And it happened during a season that featured plenty of promise after Alabama opened 10-3 following an encouraging 77-75 upset of then-No. 13 Kentucky in the SEC opener for both schools.
But back-to-back loses to LSU and Texas A&M, the latter coming at home on a buzzer-beating 3-pointer after leading by as many as 12 in the opening minutes of the second half, began a downward spiral that was seemingly capped by six losses in the Tide’s last eight regular-season games to effectively fall into NCAA bubble consideration.
By that point, some Alabama basketball fans were already calling for Johnson’s job, tired of a perceived lack of positive progress in Year 4 of his tenure.
Still, despite fan disappointment, it wasn’t until Wednesday night’s disheartening effort against Norfolk State, in a game the top-seeded Tide held a 10-point advantage more than 2 minutes into the second half, that the tenor shifted to one of inevitability.
It didn’t help that Spartans forward Steven Whitley described seeing Alabama players “lagging around” during pregame warmups, further bringing the team’s lack of effort in games into question.
Johnson’s inability to positively inspire his players and establish a winning mentality was further exasperated when talented 17-year-old freshman point guard Kira Lewis Jr. appeared to cite the less than 2,100-person attendance Wednesday with the players’ obvious lulls in energy during the game: “(When) you see not that many people (in the stands), and you know it’s a NIT game, so it’s kinda hard to get up for that one.”
While its eventual split became more likely down the stretch, Alabama men’s basketball — at least as it stands now — appears on a much better footing than it did four years ago when Johnson was hired.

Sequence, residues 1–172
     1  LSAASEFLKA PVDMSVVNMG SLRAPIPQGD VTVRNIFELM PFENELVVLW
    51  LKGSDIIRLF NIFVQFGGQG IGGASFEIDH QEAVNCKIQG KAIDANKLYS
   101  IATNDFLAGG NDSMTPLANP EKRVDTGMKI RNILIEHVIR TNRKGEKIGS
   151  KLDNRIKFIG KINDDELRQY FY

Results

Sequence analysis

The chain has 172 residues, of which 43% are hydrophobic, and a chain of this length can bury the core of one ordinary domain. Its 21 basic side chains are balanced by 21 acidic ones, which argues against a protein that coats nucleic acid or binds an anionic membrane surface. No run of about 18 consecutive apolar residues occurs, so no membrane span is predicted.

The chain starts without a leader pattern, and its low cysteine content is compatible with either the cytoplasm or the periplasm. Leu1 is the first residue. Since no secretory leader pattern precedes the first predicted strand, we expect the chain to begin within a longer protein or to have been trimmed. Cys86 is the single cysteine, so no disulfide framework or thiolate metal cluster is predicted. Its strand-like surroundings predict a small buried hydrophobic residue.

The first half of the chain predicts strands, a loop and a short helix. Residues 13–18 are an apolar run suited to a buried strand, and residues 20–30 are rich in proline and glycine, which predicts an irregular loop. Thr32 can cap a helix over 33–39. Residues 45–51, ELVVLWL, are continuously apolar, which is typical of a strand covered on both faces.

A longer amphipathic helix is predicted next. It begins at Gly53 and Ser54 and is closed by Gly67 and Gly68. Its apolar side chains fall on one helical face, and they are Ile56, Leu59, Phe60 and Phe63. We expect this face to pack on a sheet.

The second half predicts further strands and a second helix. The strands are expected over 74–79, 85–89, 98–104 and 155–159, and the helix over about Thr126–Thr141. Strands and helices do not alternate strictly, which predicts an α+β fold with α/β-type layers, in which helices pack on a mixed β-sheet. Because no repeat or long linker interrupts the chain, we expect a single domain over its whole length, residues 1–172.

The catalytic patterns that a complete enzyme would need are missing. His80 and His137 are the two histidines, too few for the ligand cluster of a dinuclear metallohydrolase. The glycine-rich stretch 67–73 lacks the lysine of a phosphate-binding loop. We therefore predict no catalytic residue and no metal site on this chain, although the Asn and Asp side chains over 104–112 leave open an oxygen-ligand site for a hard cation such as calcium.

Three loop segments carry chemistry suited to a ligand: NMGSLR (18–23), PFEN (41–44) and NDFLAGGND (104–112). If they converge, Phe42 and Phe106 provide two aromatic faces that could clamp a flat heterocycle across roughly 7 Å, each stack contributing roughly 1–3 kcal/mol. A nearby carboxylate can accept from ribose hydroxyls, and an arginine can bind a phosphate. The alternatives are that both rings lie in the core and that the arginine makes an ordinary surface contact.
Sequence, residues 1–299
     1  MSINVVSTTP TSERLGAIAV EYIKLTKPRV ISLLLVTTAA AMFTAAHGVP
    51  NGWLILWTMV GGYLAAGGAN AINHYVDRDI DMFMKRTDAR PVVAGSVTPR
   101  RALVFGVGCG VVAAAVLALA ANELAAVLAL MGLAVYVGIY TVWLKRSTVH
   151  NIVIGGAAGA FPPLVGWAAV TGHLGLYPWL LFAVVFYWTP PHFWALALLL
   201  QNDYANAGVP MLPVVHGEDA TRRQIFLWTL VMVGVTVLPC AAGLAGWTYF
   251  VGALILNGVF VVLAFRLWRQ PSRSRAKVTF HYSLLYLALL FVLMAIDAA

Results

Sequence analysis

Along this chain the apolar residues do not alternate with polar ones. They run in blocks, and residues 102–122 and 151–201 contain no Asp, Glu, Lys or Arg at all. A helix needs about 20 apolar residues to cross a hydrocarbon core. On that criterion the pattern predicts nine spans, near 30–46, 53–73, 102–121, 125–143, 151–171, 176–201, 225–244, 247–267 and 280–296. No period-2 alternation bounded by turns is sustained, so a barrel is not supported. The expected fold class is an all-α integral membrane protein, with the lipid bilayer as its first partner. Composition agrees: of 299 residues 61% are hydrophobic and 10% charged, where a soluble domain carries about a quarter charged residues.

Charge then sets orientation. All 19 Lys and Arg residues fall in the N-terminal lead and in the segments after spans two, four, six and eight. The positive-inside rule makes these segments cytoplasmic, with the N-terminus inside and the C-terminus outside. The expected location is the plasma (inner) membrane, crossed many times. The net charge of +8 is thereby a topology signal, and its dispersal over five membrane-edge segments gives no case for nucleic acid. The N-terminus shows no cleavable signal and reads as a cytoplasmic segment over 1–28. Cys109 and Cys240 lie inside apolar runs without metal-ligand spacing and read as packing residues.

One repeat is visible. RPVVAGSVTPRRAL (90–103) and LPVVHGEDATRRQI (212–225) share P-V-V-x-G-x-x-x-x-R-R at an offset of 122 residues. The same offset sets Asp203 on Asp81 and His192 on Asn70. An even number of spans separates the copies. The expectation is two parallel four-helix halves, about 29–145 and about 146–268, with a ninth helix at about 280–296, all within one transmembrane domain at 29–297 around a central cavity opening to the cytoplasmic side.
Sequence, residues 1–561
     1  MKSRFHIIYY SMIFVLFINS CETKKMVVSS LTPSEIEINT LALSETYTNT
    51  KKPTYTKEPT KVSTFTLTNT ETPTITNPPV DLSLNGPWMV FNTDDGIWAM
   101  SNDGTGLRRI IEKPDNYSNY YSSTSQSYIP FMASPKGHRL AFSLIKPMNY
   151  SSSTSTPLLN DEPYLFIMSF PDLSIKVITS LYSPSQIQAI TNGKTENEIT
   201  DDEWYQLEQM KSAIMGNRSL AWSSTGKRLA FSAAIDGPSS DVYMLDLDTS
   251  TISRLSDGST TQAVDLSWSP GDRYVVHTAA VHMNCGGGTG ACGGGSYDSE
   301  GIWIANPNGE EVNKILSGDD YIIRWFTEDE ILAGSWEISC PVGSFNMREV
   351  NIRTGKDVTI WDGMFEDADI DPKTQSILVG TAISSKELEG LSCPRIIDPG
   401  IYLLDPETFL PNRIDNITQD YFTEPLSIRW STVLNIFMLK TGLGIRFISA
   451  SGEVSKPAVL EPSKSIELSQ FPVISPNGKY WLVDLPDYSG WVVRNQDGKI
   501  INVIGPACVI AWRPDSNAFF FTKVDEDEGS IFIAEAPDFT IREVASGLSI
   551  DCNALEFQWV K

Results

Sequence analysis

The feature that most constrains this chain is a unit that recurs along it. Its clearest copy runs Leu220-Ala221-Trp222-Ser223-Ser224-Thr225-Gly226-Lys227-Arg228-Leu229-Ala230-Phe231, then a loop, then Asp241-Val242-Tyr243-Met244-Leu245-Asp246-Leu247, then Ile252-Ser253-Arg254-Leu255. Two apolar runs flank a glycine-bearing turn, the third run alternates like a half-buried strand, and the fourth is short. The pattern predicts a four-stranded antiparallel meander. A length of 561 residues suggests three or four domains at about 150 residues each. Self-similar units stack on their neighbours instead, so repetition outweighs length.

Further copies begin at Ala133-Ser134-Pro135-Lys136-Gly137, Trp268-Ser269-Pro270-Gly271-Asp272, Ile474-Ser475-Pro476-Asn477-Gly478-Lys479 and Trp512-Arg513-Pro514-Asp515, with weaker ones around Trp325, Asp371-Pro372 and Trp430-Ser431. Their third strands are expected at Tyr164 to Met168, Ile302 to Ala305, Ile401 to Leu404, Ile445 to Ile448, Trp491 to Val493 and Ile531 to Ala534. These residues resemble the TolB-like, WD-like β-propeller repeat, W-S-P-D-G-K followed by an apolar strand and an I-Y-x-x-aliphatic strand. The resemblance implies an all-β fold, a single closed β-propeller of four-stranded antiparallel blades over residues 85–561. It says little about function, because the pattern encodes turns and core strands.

A former NBA point guard and head coach, Johnson helped infuse greater visibility and elevated talent from a recruiting standpoint, including signing eventual NBA lottery pick Collin Sexton prior to the 2017-18 season. Sexton, who is wrapping up his rookie season with the Cleveland Cavaliers after being the No. 8 overall pick last summer, helped carry the Tide to its lone NCAA Tournament appearance under Johnson, mostly as a one-man scoring machine.
But despite another successful recruiting class last year, including signing Lewis out of Huntsville as a reclassified four-star prospect, Johnson struggled to develop his promising young talent quickly enough to withstand the SEC gauntlet this season, especially on a night-in and night-out basis.
Still, barring any significant roster turnover, there is a strong foundation in place, including signing the nation’s 11th-ranked recruiting class in February.
Alabama will lose four seniors — center Donta Hall, wing Riley Norris, and guards Avery Johnson Jr. and Lawson Schaffer — and could see redshirt junior guard Dazon Ingram move on as a graduate transfer after a recent Instagram post appeared to indicate his exit as well.
Still, with Lewis returning as well as rising juniors Herbert Jones, Galin Smith, Alex Reese and John Petty all expected back, there is plenty of talent remaining for whoever Byrne ultimately hires to replace Johnson.
“There are so many desirables here at The University of Alabama, and the brand itself gives all of our teams the ability to recruit nationally,” Byrne said in a statement. “This is such a great place, and people want to be part of it.”